I sure don't hit a gopher on every try Doc. According to the tight little 2 inch groups it shoots on paper from a good rest, at 25 yards, the misses are my fault though, not the revolver.
If you can push .375 balls with your thumb, you will need those .380 balls for sure. The mold I use to cast mine are marked .375, but I have never miked a ball, so they could be a little larger than the mold mark. The recoil with 15 grains of fff is almost non existant in mine, so I doubt you will have problems with the .375 ball moving in other chambers, but I suggest using plenty of lube over the ball to guard against flash over.
I use Gatofeo's lube recipe and wads cut from felt weather stripping under the ball. As he points out, they make for a pretty clean bore, even after many shots are fired. Just one of the several helpful hints he has provided this board with.
I would bet I am at least as dangerous with a Dremel, as you or anyone else. I have learned to wrap the work piece in several layers of cloth, and lock it in my rubber padded bench vice. Then I can support the Dremel with both hands, while my left forearm is resting on the jaws of the vice. After learning this, I no longer cut unwanted designs on things. Because I'm not partial to V notches, I just cut sraight down into the notch. Easy does it, and when you see you have removed a small amount of metal, stop grinding, load one chamber, and try it. Each time , the point of impact will keep droping. Repeat until you reach point of aim. I have "regulated" the sight notch on all five of my Colt style Italians, and the slit in the hammer does not appear to affect the hammers ability to capture cap fragments.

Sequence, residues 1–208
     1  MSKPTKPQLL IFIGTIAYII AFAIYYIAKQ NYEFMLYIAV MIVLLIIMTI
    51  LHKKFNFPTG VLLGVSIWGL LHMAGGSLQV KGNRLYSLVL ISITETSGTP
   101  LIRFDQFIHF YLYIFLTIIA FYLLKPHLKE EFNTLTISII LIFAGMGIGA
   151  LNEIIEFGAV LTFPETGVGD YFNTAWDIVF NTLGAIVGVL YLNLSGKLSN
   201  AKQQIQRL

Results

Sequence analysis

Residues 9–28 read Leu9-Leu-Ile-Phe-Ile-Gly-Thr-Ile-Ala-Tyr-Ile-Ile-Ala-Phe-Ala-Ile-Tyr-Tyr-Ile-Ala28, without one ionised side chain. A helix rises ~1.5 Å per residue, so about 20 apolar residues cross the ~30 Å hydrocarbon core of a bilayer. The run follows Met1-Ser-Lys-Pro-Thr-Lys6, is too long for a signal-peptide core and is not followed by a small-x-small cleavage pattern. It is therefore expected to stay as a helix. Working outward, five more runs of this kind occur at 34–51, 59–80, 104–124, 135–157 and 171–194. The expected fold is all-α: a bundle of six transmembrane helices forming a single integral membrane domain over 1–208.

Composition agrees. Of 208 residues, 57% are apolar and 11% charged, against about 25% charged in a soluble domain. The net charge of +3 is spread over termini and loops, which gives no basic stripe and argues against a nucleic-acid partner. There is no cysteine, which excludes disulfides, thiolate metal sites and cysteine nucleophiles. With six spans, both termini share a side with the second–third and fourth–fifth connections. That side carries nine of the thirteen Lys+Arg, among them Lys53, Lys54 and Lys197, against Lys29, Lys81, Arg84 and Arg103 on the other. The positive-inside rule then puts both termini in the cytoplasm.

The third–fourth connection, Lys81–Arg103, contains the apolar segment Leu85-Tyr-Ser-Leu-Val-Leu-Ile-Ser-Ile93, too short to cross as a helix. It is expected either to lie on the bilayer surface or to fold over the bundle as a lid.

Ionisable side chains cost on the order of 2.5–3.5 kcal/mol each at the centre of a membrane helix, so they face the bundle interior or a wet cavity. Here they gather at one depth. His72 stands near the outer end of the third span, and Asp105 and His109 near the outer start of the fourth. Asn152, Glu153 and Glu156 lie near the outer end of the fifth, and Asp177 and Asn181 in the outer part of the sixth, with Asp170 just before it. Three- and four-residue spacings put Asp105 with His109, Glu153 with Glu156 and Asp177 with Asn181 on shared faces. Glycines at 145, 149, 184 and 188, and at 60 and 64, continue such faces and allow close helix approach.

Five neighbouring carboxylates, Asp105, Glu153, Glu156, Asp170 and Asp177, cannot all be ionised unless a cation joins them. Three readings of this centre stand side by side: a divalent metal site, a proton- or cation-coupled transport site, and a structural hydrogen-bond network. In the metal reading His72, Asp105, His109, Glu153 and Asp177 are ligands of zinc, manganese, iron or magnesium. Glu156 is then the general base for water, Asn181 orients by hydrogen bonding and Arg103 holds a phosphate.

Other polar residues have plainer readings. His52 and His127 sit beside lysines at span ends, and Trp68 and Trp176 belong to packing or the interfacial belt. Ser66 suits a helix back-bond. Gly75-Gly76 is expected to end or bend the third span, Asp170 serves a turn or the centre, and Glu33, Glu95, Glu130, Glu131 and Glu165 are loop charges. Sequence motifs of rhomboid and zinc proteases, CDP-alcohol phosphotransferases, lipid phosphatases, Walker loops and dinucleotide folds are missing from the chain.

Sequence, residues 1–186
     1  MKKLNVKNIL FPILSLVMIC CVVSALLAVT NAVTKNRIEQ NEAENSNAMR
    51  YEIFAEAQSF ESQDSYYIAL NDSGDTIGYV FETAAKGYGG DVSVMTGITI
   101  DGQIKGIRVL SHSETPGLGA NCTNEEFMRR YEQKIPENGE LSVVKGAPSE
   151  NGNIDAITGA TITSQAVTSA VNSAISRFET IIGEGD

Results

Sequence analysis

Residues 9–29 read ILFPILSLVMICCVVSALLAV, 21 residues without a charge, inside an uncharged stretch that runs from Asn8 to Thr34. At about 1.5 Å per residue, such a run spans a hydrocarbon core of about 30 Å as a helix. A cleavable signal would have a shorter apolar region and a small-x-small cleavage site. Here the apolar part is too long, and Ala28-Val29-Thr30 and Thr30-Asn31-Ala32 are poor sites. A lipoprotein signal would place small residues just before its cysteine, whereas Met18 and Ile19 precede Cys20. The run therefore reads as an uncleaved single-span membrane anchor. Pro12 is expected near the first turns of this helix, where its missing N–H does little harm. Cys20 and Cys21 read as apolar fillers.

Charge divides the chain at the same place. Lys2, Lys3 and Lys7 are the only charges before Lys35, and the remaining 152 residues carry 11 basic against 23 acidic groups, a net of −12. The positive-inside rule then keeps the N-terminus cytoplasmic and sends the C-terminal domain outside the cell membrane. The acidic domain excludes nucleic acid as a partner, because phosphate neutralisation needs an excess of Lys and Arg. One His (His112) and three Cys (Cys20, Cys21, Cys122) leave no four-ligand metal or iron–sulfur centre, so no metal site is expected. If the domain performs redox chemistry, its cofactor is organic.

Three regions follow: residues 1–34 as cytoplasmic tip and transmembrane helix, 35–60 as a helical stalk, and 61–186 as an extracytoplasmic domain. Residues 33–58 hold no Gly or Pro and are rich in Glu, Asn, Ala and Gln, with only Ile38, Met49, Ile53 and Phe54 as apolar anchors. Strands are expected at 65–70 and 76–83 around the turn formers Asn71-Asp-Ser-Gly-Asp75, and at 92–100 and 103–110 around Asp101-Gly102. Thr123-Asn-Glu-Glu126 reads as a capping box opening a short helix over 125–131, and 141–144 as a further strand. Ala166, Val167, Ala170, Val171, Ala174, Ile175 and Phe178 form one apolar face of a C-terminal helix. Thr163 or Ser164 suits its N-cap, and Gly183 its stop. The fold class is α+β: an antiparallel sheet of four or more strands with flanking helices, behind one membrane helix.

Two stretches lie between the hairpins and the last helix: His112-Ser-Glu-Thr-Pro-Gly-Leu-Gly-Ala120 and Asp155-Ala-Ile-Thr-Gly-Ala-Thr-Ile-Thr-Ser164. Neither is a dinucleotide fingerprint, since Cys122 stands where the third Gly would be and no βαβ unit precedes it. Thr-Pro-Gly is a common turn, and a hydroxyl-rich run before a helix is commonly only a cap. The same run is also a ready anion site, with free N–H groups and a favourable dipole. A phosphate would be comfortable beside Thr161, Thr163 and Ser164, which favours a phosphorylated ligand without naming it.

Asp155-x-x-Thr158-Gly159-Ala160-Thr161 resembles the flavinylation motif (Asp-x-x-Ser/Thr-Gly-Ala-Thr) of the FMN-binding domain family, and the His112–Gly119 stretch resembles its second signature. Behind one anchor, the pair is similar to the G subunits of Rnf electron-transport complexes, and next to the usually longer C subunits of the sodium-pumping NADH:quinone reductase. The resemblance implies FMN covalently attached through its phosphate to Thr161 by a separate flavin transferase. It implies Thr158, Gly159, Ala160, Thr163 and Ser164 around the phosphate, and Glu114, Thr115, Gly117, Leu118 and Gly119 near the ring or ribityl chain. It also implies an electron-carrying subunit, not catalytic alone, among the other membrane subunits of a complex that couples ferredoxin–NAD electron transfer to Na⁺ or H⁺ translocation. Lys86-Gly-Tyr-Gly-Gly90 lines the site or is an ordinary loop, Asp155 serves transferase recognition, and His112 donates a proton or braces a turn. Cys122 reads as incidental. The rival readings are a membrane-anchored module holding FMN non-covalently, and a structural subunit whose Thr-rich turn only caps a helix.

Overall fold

I don't know if the heigth of the front site would correspond with the amount removed from the hammer or not. Logic says it would, however, I have a friend who didn't want to alter the hammer on his several Colt style revolvers, so he made taller front sights from brass brazing rod. To my eye, his front sights look taller than the distance I cut into my hammers ? I would strongly suggest the careful, "little at a time" approach, rather than trying to find a formula, and removing it all at once.